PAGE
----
Wednesday, December 14, 2005

"The Pink Ghetto"

Old timers in the PR game may recall an unfortunate (but thankfully, rarely used) description of our industry as "The Pink Ghetto." This moniker was meant to imply that PR was a tradecraft made up mostly of women, who had little prospect of making the big dough.

Take a look around most PR firms' cubelands. It's true - there are a lot of women in the ranks. Now look at the top ranks. Mostly men (with notable exceptions at Horn Group, etc.). Why?

I have been thinking a lot lately about the role of women in PR, specifically mothers. One of our top staffers recently had a baby, and now she is debating whether to come back. I think she probably will, but, she would certainly not be the first highly talented and motivated woman to decide to stay home. On the one hand it is a loss - for us, for her clients and for her bright career prospects - but as a father of course I understand and admire this down-shifting.

PR seems to be a very rough career for someone who wants to spend time at home with the kids and have a fulfilling job. One of our part-timers is a dedicated PR pro and a dedicated mom. She works "part time" but it is no secret that she is checking email and responding to client questions long after she has officially clocked out. We frown on this but it's hard to de-motivate the highly motivated professional. And frankly, her clients appreciate it.

So my question is: is PR a job that can be done part time? Does the need to constantly stay ahead of your clients (and team members) necessitate full time work? What does that mean for women in today's Y Generation, who don’t necessarily want a full time career when they have children - but also don’t want to be a stay-at-home mom?

There have been several articles in the NYT lately about the slowing growth of women in the workforce. Will this have a drastic effect on PR down the line? Sure, there will always be a fresh crop of ACs that graduate into the workforce every year. But where will the senior level women be?

Is this why, for the most part, even in today's enlightened society, PR agencies are run by men?

I recently queried the staff for ideas for the blog; this one about women/career growth came from one of our best-and-brightest. She noted in her email that she'd be very curious to read my "answers" to her tough questions. Unfortunately - I don't have the answers. I've seen part-timers that thrive, and fail; and I've met women who "gave up" on motherhood (or so it felt to them), only to regret it later. Or not.

I do know that PR is a rigorous, intellectual, exasperating and exciting craft...which is probably why so many women do so well here in the first place. Whether an expectant mom feels she can keep up with the unceasing flow of work (on both ends of her lifestyle, personal & professional) is something that, to me, feels like an individual answer.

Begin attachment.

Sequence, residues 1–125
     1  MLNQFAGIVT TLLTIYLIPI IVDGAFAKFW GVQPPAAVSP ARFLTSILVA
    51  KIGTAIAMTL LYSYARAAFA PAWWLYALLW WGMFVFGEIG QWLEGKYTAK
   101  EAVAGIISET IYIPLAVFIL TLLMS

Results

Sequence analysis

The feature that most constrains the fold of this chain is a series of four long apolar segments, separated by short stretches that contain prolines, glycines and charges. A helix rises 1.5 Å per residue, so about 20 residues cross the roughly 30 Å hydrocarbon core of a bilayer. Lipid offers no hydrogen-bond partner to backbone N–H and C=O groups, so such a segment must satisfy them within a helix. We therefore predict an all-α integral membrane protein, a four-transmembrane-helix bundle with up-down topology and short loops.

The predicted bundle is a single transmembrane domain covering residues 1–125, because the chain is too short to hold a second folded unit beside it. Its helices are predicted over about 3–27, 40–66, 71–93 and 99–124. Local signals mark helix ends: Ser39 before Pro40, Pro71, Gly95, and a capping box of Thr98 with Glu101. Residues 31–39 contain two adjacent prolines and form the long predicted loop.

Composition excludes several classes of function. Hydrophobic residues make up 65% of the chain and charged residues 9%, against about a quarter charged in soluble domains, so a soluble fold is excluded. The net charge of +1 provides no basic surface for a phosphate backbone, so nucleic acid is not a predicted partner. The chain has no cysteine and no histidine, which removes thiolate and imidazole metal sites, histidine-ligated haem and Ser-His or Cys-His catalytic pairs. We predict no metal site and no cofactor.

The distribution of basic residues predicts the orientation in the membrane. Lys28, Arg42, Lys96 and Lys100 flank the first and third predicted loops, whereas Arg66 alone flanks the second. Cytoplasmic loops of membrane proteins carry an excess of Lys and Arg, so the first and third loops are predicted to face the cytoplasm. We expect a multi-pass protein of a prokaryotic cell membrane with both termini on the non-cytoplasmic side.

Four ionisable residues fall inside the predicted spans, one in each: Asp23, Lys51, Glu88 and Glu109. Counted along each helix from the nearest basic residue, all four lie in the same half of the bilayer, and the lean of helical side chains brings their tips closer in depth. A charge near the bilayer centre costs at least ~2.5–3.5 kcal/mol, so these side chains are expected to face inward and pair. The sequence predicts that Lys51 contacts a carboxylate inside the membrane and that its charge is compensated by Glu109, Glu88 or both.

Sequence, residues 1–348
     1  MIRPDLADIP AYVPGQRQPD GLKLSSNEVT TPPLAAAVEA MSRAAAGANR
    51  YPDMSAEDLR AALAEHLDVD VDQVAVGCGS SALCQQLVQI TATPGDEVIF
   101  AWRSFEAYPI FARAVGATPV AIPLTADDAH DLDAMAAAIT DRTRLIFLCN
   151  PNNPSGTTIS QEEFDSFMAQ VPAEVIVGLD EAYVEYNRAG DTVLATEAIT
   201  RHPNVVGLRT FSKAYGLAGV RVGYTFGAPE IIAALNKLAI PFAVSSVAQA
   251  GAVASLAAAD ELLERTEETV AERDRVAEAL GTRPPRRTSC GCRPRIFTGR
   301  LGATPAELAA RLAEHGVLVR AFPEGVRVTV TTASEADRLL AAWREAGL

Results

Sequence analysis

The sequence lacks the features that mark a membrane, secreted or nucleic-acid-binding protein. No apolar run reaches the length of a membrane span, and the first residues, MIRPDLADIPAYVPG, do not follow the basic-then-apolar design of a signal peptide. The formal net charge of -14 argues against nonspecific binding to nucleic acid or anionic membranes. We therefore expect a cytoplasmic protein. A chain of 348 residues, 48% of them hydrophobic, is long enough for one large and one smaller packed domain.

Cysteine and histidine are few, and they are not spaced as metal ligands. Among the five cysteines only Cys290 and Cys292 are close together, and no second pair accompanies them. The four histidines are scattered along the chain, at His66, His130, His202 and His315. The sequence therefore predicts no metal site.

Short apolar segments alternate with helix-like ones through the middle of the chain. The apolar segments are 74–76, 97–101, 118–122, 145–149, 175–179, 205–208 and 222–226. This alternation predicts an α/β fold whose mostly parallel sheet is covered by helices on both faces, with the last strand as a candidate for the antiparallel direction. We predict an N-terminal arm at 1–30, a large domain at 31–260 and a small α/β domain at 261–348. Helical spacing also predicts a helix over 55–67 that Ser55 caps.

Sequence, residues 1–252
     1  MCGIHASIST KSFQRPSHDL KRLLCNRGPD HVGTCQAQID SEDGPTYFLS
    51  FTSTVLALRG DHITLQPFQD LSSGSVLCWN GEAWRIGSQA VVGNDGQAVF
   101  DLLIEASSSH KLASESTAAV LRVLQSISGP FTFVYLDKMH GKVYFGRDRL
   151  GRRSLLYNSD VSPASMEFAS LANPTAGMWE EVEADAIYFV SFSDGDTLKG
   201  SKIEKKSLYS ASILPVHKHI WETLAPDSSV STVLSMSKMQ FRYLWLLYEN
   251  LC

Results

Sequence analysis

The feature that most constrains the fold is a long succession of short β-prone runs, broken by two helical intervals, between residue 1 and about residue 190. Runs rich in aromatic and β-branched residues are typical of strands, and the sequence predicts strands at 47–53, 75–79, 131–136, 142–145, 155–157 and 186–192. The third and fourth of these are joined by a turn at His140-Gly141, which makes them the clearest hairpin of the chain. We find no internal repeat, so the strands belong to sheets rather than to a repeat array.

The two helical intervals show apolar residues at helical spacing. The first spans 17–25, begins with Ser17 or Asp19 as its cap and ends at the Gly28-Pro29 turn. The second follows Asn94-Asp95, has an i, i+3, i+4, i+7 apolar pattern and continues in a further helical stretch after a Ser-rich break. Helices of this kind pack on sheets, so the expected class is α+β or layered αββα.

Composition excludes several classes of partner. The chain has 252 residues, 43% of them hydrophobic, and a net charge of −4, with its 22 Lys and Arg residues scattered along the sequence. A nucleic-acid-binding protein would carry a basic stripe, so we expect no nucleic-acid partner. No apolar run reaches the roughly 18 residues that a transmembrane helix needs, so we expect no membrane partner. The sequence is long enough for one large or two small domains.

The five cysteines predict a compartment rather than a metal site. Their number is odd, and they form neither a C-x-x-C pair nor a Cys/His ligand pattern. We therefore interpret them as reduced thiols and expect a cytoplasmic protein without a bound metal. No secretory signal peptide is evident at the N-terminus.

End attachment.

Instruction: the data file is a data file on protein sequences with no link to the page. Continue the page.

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December 19, 2005  
Blogger LifeHunter said...

I don't know about most PR agencies being run by men. There are many with men's names on the door (the old Weber, Schwartz, Greenough, the old Sterling Hager, etc.) but when you look just below the president, 7 times out of 10, the top executives in the company are women.

As for motherhood and PR. I think being a mother while working full time in an agency environment is very, very hard to do. I would venture to say that it's next to impossible to do both sucessfully. It's much more common to find high-level female PR pros with children working on the corporate side. I have found that some - not all - agencies do not truly embrace the work/life balance equation although they talk about it a lot. Those are also the ones that put 24 year olds on the road with clients before they even know how to write a press release let alone speak cogently to the media. Those same agencies also see the most turnover in the industry.

Agencies - again, in general - are still training grounds for moving-on to corporate jobs. But only for the truly talented; good corporate jobs are far from plentiful. From my experience, most agencies still cater to the young and hungry crowd - and most burn and turn the very people that spend their 20s working 80 hours weeks just to get to the corporate holy grail. Only by then, they're faced with the "children or career" question...and let's face it, you can't have both when the children are young.

Only the truly special agencies are able to foster long-term success with their high-level women employees that want kids and their careers.

December 19, 2005  

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